What We're Reading: Top State Stories 8/17

TX: After months of controversy, Texas bathroom bill dies quietly

With the national debate over North Carolina's bathroom still lingering, opponents of the Texas version of the bill were bolstered by top business executives who worried that Texas could invite the same economic blows the Tar Heel State faced after passing a similar bill, including canceled corporate expansions and sports tournaments.

LA: Louisiana to review 16,000 prison sentences

Democratic Gov. John Bel Edwards and the Louisiana Legislature overhauled the criminal justice system this past spring, aiming to reduce the state’s highest-in-the-world incarceration rate. The 16,000 prison terms being reconsidered, around 45 percent of the 35,500 people the state has locked up now, are for nonviolent offenses only and many will likely remain unchanged.

US: Attorneys general ask Congress to clarify their authority to prosecute child sex traffickers

Attorneys general from all 50 states have asked Congress to amend federal law to ensure local jurisdictions have the authority to investigate and prosecute child sex traffickers who operate online.

VT: Number of Social Security checks sent to Vermont rapidly growing

Nearly a quarter of all Vermonters — 145,000 people — receive a check from the U.S. Social Security Administration. Only West Virginia and Maine have a higher percentage of their population receiving those benefits.

WI: Wisconsin governor's administration scales back fire sprinkler rule in second reversal on issue

Republican Gov. Scott Walker’s administration has determined it cannot enforce a 7-year-old Wisconsin requirement that fire sprinklers be put in new apartment buildings with three to 20 units — a rule that fire officials contend is one of the best ways to save lives.

MI: Michigan LGBT rights fight divides GOP, Democrats

The Michigan Civil Rights Commission lacks the authority to “circumvent” the Legislature and apply existing anti-discrimination protections to gay and transgender residents, according to a group of House and Senate Republicans urging the panel to reject a request for a new interpretation of an old law.

NM: New Mexico coffers are filling up
More money is expected to flow into New Mexico's coffers thanks to positive investment returns stemming from a bullish stock market and recovery in the oil and natural gas sector. That offers hope that the state can avoid more painful cuts as lawmakers gear up this fall to consider their budget options.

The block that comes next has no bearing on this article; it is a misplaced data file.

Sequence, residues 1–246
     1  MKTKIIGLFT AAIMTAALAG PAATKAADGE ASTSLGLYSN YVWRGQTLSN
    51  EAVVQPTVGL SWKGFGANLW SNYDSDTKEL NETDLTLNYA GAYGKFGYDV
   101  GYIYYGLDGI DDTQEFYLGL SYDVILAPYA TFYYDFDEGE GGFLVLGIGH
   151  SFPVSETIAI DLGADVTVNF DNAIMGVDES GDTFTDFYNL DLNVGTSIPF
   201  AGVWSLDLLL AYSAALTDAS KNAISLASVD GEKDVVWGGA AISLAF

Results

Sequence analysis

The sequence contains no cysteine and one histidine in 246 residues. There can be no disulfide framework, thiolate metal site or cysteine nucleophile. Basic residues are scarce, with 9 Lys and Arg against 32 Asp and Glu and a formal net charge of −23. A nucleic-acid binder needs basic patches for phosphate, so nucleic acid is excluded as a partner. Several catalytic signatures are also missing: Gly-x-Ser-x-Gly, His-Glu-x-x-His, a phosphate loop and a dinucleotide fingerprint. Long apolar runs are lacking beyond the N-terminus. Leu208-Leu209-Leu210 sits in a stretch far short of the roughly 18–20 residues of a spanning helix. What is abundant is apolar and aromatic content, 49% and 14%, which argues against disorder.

KS: Kansas’ privatized Medicaid system rates last in managed care programs

Kansas’ privatized Medicaid system, KanCare, came in last among 36 states’ managed care Medicaid programs in a customer satisfaction survey conducted by the firm J.D. Power. A spokeswoman for state agencies in Kansas said the state would like to see the full survey results and how they were collected, but J.D. Power has not made that information public.

IL: Illinois House rejects school funding plan, will attempt veto override

The Illinois House will attempt to reverse Republican Gov. Bruce Rauner's veto of a public school funding bill next week, Democratic House Speaker Michael Madigan said. School opened in most parts of the state Wednesday. Without a funding plan in place, the first state aid check due Aug. 10 was delayed. 

NE: Nebraska governor: ACLU lawsuit over prison overcrowding could have dangerous consequences

Nebraska Gov. Pete Ricketts, a Republican, said the ACLU lawsuit could prompt the early release of “dangerous criminals” and limit tools to manage the inmate population.

CT: Connecticut set to begin tax-free week despite budget woes

Even as Connecticut faces a deficit of $3.5 billion over the next two years, the state is poised to give away a projected $4.1 million in unclaimed sales tax during next week's sales tax holiday. Certain items of clothing, footwear and accessories under $100 will be exempt from the state's 6.35 percent sales tax.

CA: Billions in new spending for housing, water, parks could be on 2018 California ballot

Democratic Gov. Jerry Brown and California lawmakers are considering five proposals that would finance new homes for low-income residents, build parks in neighborhoods without them and restore rivers, streams and creeks, among dozens of other projects. 

NAFTA Talks ‘Doula’ Programs